Despite the surrounding trees growing at a much faster than average rate, the crater’s shifting form as it rises and falls and the highly dense iron content thought to be resting at its center, no trace of meteorite impact has been found and no concrete explanation has yet been given for this strange formation.
21. The Hungarian Suicide Song
Music has a power over people—that much we all know and can accept. Music can raise you up, get you excited, build tension, or make you smile. But can it make you commit suicide? Apparently yes, and this brings us to the Hungarian suicide song. Titled “Gloomy Sunday” (or Szomorú Vasárnap), it has been linked to over a hundred suicides in its different variations, including that of the song’s composer, Rezso Seress.
Reportedly written by Seress in1933 after his girlfriend left him, it was given Hungarian lyrics by his friend, the poet Laszlo Javor. The song initially created little attention, but after another Hungarian artist, Pál Kálmar, re-recorded it in 1936 it was allegedly connected to a number of suicides in Hungary. As a result, the song was reportedly banned — not just in Hungary but in England as well. England’s logic for the ban? The song was deemed to be “too upsetting.” The story of Gloomy Sunday is a fascinating one, and the tune has been covered by everyone from Billie Holiday to Sarah McLachlan.
While undeniably morose, does the song have such power over people’s hearts and souls that it can lead to death? That part remains a mystery.
22. The Bouvet Island Lifeboat
Imagine it: you visit an island almost at the end of the Earth and you find… a lifeboat and some gear on shore?
Bouvet Island is about as isolated as you can get and still stay on planet Earth. The nearest land is 1,750 km (1,087 miles) away, and that land is the coast of Antarctica. The island is relatively small; only eight km (5 miles) long and a little less than five km (3 miles) wide, it is mostly covered in ice. There is a small lagoon on the island, and that was where the boat was found in 1962, holding water but still entirely seaworthy.
The lifeboat held no national markings. How did it get there? Did it drift, insanely far, and find the only place on the island where it wouldn’t smash against the rocks? Or was it paddled there by an unimaginable feat of seamanship? The gear on the shore suggested humans were involved with the ship’s time on the island at some point, but searchers found no signs of them. How did the lifeboat get to a place where there should have been no human lives?
Many believe the lifeboat was left by an expedition from several years earlier, with the boat miraculously managing to stay afloat until the next visitors found it. Subsequent expeditions don’t mention the lifeboat, with it presumably finally succumbing to the violent seas in the southernmost parts of the world.
23. The Assassination of John F. Kennedy
Ranking right up there with UFOs, the assassination of John F. Kennedy is one of the great conspiracy mysteries of the modern age. This might be due, in part, to the fact that this event happened recently, in the modern age, and technology recorded the entire thing.
While the official culprit for the killing is Lee Harvey Oswald, he denied responsibility and was himself killed soon after.
While the case has been thoroughly investigated by law enforcement officials, for historians and conspiracy hobbyists a number of questions still remain unanswered. Eye-witness accounts and on-site documentation of the shooting (including the famous Zapruder footage) suggest that the official explanation doesn’t tell the full truth about events.
Perhaps the spookiest part of this mystery might be the idea that if something is being hidden, the lengths being taken to keep the truth buried must be truly massive.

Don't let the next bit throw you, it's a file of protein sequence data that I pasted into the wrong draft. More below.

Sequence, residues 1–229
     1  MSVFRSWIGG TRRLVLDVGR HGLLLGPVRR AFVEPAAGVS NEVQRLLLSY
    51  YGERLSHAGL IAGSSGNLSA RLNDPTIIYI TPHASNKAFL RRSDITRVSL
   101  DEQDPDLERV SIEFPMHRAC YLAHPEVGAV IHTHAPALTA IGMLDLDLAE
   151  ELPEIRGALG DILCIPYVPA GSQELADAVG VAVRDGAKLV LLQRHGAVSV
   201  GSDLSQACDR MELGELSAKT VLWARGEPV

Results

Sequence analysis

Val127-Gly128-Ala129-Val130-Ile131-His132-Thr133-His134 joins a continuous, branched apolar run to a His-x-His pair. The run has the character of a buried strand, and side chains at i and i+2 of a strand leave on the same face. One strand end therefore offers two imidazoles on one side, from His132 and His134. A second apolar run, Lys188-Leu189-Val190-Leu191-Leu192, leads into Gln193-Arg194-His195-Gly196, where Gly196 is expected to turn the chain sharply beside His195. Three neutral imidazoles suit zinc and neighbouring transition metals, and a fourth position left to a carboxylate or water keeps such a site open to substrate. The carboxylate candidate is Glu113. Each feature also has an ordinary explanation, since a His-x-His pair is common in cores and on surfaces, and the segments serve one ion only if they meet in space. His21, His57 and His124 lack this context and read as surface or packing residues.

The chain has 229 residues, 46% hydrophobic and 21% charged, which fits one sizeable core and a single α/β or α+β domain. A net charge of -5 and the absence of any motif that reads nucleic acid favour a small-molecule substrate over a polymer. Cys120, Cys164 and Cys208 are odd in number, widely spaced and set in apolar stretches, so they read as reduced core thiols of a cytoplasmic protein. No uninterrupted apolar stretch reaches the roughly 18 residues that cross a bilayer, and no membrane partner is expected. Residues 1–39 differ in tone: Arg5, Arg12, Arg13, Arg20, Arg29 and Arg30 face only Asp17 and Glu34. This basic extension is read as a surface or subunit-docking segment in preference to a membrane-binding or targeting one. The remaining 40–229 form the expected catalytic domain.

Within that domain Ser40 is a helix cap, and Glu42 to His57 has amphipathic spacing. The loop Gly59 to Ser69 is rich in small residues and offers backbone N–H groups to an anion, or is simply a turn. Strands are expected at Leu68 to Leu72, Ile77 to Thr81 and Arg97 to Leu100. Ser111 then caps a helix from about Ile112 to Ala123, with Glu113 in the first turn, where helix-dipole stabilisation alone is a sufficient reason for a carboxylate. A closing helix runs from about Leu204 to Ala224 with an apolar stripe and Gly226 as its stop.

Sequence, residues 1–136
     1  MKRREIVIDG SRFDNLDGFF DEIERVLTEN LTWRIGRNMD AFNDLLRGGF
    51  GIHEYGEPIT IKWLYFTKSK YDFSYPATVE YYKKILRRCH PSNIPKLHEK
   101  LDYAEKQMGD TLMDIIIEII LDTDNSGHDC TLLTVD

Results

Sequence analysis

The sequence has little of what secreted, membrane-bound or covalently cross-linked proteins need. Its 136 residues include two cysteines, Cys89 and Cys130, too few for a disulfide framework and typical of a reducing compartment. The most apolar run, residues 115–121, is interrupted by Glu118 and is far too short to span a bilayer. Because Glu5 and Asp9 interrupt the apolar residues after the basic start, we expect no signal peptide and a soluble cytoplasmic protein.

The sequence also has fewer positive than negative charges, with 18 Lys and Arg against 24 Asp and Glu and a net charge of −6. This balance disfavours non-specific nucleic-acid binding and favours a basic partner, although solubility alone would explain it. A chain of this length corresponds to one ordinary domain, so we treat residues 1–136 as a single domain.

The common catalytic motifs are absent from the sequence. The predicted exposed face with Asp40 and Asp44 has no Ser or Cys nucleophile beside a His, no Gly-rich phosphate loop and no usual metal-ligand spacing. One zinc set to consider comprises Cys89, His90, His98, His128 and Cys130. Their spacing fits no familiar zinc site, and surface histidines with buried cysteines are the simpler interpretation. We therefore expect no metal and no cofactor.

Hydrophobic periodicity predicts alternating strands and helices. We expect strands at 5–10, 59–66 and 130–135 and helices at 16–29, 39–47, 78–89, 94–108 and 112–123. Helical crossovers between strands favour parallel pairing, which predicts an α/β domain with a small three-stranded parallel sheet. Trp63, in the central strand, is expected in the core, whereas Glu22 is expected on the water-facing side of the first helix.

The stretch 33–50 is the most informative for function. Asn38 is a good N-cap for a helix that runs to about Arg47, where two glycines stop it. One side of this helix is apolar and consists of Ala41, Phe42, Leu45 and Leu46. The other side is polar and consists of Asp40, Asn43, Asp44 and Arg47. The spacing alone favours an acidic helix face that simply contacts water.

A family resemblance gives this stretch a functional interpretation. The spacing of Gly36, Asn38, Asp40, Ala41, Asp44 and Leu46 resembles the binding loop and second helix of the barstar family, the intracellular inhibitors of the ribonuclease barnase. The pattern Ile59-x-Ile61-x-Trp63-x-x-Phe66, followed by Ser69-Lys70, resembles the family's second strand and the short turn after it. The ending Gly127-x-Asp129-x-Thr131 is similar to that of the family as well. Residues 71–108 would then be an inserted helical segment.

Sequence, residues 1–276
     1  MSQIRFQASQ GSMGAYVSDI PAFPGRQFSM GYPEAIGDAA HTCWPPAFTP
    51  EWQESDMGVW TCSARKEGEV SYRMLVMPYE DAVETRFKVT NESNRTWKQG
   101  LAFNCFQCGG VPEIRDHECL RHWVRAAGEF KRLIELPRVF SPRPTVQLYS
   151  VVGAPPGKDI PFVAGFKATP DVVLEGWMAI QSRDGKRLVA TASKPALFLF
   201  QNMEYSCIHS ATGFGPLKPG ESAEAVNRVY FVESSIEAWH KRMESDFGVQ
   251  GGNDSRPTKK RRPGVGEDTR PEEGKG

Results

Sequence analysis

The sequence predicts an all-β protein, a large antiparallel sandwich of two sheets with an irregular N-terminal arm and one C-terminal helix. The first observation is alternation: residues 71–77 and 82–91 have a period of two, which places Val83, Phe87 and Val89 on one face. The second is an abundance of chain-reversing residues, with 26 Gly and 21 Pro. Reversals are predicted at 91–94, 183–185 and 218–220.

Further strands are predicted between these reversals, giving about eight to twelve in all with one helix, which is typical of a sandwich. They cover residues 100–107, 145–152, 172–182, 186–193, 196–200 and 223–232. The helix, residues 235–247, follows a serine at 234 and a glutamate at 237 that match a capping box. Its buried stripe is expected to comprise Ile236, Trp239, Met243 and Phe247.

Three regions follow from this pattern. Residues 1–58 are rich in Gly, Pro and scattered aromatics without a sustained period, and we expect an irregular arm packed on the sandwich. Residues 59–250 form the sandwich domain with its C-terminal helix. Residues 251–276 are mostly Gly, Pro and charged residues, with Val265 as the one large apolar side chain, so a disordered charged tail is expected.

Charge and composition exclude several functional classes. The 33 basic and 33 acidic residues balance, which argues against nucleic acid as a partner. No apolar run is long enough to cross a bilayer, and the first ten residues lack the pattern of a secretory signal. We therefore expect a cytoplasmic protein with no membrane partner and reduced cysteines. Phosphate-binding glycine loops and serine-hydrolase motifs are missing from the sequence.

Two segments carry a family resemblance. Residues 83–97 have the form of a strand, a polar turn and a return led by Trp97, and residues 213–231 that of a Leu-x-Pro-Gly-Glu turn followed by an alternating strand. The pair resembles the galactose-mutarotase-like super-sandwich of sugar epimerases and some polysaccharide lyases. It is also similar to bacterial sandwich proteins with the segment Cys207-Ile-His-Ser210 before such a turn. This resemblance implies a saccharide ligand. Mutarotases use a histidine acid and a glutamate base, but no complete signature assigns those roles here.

24. The Death of Elisa Lam
Looking from a historical mysterious death to a more recent one, we can consider the passing of Elisa Lam in 2013. Elisa, then 21 years of age, was found naked and floating face-down in a 3-meter-tall (10-foot) water tank on top of the Cecil Hotel in Los Angeles, where she had been staying. This might be considered just another unfortunate tragedy if not for elevator footage that sparked the imaginations of people across the world.
Lam’s death has been ruled an accidental drowning, but the footage of her in a hotel elevator suggests something else at play. In the elevator, Lam is shown acting bizarrely, appearing to interact with things that aren’t there.
The obvious potential cause for Lam’s behavior is drugs, but her autopsy showed no signs of either narcotics or alcohol in her system. Another theory suggests she was sick with tuberculosis, which was plaguing the area at the time, but bloodwork showed no signs of that either. A bizarre side note to add to this situation: the test for TB is known in the medical profession as LAM-ELISA.
It gets even more interesting—access to the roof was controlled (the elevator didn’t go up that far), and there was no evidence as to exactly how Elisa got up there. Also, the Cecil Hotel has a reputation as an extremely haunted building?
Whether Elisa’s death was a result of a mental breakdown, or for those that believe in that sort of thing an extension of the building’s haunted history, we will never know. Perhaps one more ghost is now roaming the Cecil Hotel’s halls…
25. The Devil’s Footprints
In Devon, England, the night of February 8, 1855, was a snowy one. The next morning though, the residents awoke to a surprise that they would never have suspected.
The ground around their homes was covered by sets of hoof-like footprints, each about 10 centimeters (four inches) long and 7.6 cm (three inches) across. The footprints were in a single line, which is how the footprints of a two-legged creature appear. This means they weren’t created by an errant farm animal—they came from something… different.
The people of Dover believed that the devil had come for them. The footprints even came up to some doorsteps, which terrified people even more.
This wasn’t a short number of footsteps either. The prints covered as much as 160km (100 miles) of trails. The prints were made by cloven hooves, and some people even reported that the prints looked like they had been burned into the snow.
To date, no explanation has been found for who (or what) came knocking on the doors of Devon that fateful night.